Fleecing a Discipline

Mike Sampson’s new article on the provenance of P.Sapph.Obbink (‘the newest Sappho’, containing the Brothers Poem) is a magnificent bit of detective work, which, like all developments in this case, leads in some ways to more questions than answers. This is an attempt to explore some of those questions, and tease out the implications of the new answers. Ultimately, I think there is now enough evidence to suggest that Dirk Obbink himself was the papyrus’ owner, and its public announcement a marketing ploy to raise its prestige and asking price.

After Sampson, along with Anna Uhlig, published a piece on Eidolon about P.Sapph.Obbink and its provenance issues, he was contacted by Ute Wartenberg Kagan, a papyrologist and former Executive Director of the American Numismatic Society, who shared with him a Christie’s brochure advertising P.Sapph.Obbink for private sale. This had (remarkably) not been seen by any scholar (as far as Sampson could ascertain) working on the history of the papyrus. His article analyses the metadata of this PDF, which record when it was created, how often it was edited, and even when the photos embedded in it were taken. While some of his basic conclusions were already reported in January by Charlotte Higgins, the data he extracted are incredibly rich and allow for multiple angles of analysis.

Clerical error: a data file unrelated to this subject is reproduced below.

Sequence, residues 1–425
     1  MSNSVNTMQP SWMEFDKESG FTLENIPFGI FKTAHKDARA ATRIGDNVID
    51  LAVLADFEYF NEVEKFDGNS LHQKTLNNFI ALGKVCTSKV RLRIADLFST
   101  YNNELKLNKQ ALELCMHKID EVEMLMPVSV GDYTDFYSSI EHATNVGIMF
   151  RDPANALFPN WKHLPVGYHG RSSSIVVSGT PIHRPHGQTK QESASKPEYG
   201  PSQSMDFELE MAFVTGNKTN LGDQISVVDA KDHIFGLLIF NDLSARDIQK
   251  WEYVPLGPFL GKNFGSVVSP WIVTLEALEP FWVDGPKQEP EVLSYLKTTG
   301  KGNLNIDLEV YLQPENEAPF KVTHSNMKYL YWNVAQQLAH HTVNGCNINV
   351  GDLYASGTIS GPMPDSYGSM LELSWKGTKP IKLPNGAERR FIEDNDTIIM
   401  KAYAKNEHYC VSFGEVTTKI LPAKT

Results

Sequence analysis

His central finding is that the reported provenance of P.Sapph.Obbink is a demonstrable fiction. A photograph in the brochure showing the cartonnage from which P.Sapph.Obbink and the closely related Green Collection (GC) Sappho fragments were supposed to have been extracted was taken on 14 February, 2012, a full week after Scott Carroll had publicly displayed the GC fragments (7 February, 2012), and nearly a month after they had been ‘discovered’ by Scott Carroll at Baylor (16 January, 2012, an event recounted at length in an Atlantic article by Ariel Sabar; this ‘discovery’ was announced by Scott Carroll on his Facebook page two days later, 18 January, 2012).